Scott Morrison is making history as the first former Prime Minister to be formally censured by the government.
Morrison is set to be in the hot seat on Wednesday, November 30, for eroding public trust in the federal government after secretly appointing himself to several ministries during his last term as Prime Minister.
Former PM Scott Morrison: “I acknowledge that the non-disclosure of arrangements has caused unintentional offence and extend an apology to those who were offended.” He says the censure motion is an act of political retribution. @SBSNews pic.twitter.com/I6K3Y2SuU8
— Pablo Viñales (@pablovinales) November 29, 2022
In the written report by former High Court Justice Virginia Bell, Morrison’s actions were labelled as “corrosive” and concluded the former PM “fundamentally undermined” the key aspects of a responsible government.
“Therefore [the house] censures the member for Cook for failing to disclose the appointments to the House of Representatives, the Australian people and the cabinet, which undermined responsible government and eroded public trust in Australia’s democracy,” the motion states.
As reported by The Guardian, on Tuesday, Nationals leader David Littleproud said that while he agrees that Morrison had “done the wrong thing” by not disclosing his appointments to five ministries he argued that the censure was unnecessary, saying Australias are “sick of the politicisation.”
Opposition Leader Peter Dutton also shares the same sentiments, saying the censure motion was a “stunt” and accusing current Prime Minister, Anthony Albanese, of taking an “opportunistic swipe” at Morrison.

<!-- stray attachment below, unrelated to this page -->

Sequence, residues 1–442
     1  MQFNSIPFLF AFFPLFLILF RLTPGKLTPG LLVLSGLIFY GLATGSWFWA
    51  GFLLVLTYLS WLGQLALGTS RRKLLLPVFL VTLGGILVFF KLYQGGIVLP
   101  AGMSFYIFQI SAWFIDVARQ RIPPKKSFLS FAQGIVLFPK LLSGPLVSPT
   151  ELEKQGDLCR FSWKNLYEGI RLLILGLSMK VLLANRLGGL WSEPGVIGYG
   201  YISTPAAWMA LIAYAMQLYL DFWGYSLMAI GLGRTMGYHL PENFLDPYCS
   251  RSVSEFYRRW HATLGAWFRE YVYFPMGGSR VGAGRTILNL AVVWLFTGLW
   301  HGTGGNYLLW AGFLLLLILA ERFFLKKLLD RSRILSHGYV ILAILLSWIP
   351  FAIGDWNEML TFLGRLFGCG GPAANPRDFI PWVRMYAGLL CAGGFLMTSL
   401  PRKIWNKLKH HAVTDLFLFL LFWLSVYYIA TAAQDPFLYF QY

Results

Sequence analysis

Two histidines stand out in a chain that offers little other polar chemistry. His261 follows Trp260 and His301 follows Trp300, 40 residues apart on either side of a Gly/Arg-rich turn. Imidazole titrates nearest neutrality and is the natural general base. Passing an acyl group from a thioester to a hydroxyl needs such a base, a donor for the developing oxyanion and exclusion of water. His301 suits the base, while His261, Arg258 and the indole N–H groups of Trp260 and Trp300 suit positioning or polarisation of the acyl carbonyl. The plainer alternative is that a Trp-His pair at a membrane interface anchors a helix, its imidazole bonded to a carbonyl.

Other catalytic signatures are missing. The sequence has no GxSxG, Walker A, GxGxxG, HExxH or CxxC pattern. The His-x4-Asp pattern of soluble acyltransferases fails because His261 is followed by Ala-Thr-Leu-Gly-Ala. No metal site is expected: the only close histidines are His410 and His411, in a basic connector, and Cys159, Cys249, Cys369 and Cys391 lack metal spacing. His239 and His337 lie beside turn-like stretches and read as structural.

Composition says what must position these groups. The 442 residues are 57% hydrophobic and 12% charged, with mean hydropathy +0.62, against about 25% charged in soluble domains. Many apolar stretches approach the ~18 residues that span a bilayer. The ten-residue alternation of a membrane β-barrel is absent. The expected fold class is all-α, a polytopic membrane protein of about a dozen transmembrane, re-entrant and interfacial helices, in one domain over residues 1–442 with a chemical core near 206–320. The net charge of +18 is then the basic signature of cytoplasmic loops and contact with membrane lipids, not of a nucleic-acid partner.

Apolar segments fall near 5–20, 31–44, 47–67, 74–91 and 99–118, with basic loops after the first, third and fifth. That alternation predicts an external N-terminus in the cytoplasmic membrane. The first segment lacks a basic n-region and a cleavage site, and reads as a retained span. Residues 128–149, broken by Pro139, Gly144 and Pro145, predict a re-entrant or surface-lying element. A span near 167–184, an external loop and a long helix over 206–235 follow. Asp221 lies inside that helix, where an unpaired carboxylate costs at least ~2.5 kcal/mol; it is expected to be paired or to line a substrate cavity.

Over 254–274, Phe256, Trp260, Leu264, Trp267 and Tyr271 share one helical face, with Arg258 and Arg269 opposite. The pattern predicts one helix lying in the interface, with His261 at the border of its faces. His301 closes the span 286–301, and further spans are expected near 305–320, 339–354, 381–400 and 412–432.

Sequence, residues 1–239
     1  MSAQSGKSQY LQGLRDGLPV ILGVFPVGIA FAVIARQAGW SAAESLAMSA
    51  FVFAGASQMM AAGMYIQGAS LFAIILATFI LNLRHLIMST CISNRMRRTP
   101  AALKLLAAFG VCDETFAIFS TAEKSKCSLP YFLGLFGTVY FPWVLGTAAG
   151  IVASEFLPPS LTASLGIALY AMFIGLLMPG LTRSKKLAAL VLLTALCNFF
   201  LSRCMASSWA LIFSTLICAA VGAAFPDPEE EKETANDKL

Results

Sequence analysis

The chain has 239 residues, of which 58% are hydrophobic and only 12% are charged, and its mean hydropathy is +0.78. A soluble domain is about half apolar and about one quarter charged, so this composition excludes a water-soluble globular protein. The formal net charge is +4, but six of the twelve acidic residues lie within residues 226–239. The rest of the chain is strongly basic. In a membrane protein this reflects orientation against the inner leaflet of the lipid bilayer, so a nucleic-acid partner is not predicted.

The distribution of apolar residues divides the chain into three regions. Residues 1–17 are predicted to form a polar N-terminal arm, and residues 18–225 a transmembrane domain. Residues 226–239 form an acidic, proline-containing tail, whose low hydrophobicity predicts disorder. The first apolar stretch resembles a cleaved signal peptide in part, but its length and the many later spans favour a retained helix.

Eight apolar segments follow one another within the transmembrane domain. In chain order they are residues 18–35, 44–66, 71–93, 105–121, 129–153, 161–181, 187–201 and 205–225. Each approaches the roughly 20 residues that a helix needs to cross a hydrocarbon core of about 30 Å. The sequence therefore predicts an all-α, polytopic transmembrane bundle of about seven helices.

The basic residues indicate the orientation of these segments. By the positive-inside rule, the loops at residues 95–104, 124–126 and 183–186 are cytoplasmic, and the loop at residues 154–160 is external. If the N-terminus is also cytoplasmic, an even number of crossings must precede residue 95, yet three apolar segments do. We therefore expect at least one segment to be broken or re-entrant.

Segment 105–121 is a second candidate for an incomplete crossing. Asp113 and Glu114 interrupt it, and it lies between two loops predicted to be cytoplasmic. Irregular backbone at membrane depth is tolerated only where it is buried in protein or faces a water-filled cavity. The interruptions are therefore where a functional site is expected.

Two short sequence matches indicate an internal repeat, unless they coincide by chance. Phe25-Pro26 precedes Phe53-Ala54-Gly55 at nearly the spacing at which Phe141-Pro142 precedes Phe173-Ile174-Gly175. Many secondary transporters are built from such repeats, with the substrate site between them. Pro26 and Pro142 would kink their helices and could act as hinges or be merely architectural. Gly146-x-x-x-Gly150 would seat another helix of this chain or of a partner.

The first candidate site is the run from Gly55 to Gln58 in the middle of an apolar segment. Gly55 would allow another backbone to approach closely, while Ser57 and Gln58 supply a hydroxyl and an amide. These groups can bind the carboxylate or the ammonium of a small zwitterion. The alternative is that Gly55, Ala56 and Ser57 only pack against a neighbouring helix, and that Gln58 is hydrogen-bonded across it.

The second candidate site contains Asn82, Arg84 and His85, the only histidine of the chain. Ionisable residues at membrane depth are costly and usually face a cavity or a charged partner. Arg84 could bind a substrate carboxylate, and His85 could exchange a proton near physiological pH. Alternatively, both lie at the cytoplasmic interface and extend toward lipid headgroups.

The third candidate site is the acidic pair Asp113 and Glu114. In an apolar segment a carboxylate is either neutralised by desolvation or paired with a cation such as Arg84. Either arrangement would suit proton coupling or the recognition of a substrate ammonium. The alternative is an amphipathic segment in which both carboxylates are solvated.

“So much for a kinder and gentler parliament, this is Anthony Albanese at his political brawler best,” Dutton said.
Dutton and Littleproud’s position stands in contrast to Liberal MP Bridget Archer who told The Guardian she was “inclined” to support the censure, saying it would be “an act of extreme hypocrisy for me, personally, given the stance I’ve taken in the past couple of years on issues such as integrity, to do anything other than to support that motion.”
Since news of his secret portfolio broke, Morrison has tried to make light of the situation and attempted to join in on the jokes he had become the target of.
In a press conference in August, Morrison had argued that the ministry appointments were necessary and were an “act in the national interests”.
“These were extraordinary times no Prime Minister, I think, has faced the same combination of circumstances — be it the pandemic or indeed the drought, the global recession and the Australian recession caused by the pandemic and the many other natural disasters that befell the country over that period of time,” Morrison told reporters at the time.
“It was a very difficult time. It was a very unusual time. It was a very extraordinary time.
“There was a clear expectation established in the public’s mind, certainly in the media’s mind that I as Prime Minister was responsible, pretty much for every single thing that was going on.
“People held me, rightly, to account for that.”
Since the release of the report on Friday, November 26, Morrison has doubled down on his stance that the ministry appointments were necessary and reminded members of the government that the inquiry had found no unlawful conduct.